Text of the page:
Wright to USAF Leaders: Help Me Help Airmen Help the Air Force

CMSAF Kaleth Wright at speaking at AWS18 Feb. 22, 2018, in Orlando, Fla. Air Force Magazine photo by Mike Tsukamoto.?

For CMSAF Kaleth Wright, one question from airmen stood out during his first year on the job: “Chief, how can we do more with less?”

Speaking at AWS18 Thursday morning, Wright said he thinks there’s a better question: How can USAF do less, better, faster, and be more efficient and lethal? The answer, he said, is “innovation,” a culture he argued must be “unleashed.”

Up until now, the Air Force has been inculcated with a culture gyrating between adaptation and innovation. Affixing mirrors to cover a driver’s blind spot is adaptation, Wright said. Replacing the driver with artificial intelligence is innovation. Ordering detergent from Amazon on a handheld is adaption, Wright said. Walking into one of the company’s new Amazon Go stores and walking out without ever speaking to a cashier—or anyone—is innovation.

“Adaptation is about the current fight,” he added. “Innovation is about the future.”

Calling that future imperative, Wright said USAF has to train better than the adversary does. And that has to happen now because of advances coming from near-peer adversaries. Today’s airmen will be taking the USAF that is in construction today to the war in 10 or 15 years. To do this, the service “must allow airmen to fail.”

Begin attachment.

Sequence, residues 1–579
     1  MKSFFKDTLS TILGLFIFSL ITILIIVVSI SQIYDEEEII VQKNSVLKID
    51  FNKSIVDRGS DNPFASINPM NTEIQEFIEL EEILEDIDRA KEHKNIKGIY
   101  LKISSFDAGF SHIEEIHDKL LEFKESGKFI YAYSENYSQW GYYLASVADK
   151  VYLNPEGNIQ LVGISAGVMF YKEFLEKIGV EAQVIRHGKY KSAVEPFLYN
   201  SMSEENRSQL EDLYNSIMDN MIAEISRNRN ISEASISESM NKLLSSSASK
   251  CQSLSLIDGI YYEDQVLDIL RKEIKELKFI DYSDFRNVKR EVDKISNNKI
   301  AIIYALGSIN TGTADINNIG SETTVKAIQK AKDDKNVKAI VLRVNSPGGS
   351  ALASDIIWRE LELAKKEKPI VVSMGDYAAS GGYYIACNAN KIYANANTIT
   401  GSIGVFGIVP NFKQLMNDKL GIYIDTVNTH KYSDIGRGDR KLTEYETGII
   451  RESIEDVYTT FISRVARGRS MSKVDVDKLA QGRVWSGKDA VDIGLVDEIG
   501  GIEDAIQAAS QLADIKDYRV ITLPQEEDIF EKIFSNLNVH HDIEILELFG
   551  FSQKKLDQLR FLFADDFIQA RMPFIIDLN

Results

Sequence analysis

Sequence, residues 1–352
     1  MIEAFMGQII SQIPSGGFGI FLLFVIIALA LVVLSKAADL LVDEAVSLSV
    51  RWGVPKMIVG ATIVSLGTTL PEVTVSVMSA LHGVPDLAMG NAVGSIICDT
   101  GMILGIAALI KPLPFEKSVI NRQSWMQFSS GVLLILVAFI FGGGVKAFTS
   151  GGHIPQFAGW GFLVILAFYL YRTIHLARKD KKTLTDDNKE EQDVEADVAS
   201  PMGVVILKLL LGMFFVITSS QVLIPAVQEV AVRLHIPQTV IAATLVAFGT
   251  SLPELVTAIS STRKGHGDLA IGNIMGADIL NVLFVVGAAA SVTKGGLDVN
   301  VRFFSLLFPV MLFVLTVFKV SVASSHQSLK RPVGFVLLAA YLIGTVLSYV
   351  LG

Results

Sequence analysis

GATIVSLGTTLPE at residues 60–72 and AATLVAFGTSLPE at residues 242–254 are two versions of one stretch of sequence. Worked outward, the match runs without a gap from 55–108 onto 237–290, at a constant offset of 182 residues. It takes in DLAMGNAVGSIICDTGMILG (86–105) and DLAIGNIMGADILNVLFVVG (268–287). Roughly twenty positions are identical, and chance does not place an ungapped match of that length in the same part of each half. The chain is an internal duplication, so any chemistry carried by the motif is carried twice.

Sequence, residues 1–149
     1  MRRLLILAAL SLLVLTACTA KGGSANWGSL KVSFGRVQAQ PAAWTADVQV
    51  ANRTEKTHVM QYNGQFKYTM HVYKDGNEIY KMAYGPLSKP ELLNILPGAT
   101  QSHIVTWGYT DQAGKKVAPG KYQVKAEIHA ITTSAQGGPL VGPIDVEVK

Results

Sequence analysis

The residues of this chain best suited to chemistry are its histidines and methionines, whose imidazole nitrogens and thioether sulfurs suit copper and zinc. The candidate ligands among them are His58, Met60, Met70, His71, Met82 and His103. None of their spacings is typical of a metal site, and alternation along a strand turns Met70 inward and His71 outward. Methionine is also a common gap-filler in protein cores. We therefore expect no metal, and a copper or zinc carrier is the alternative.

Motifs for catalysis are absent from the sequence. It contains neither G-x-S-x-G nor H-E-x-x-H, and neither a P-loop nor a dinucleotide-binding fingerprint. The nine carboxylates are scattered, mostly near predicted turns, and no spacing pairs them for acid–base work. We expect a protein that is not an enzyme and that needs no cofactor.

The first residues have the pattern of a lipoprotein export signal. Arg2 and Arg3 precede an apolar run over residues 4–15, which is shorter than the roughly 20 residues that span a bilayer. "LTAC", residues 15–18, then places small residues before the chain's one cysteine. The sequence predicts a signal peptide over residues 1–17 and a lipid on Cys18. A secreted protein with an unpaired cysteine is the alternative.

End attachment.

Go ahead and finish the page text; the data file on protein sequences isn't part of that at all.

Wright used as an example TSgt. Jeff Curtin, a photojournalist. Curtin came up with a concept to record USAF’s Special Operations Command flight training in 360 degrees not for simulators, but for classrooms, wherein access to that footage would be readily available.

“How many of you have recognized and taken advantage of all the Jeffs in your organizations?” Wright asked his audience. “This is a must. It’s something we have to do.”

Emphasizing a culture tolerant of failure and experimentation, Wright said he’s asking USAF’s leaders to help him help airmen help the Air Force get to “yes.”

To read more about Wright’s first year at work, read Air Force Magazine’s deep dive with him, which will be in the upcoming issue.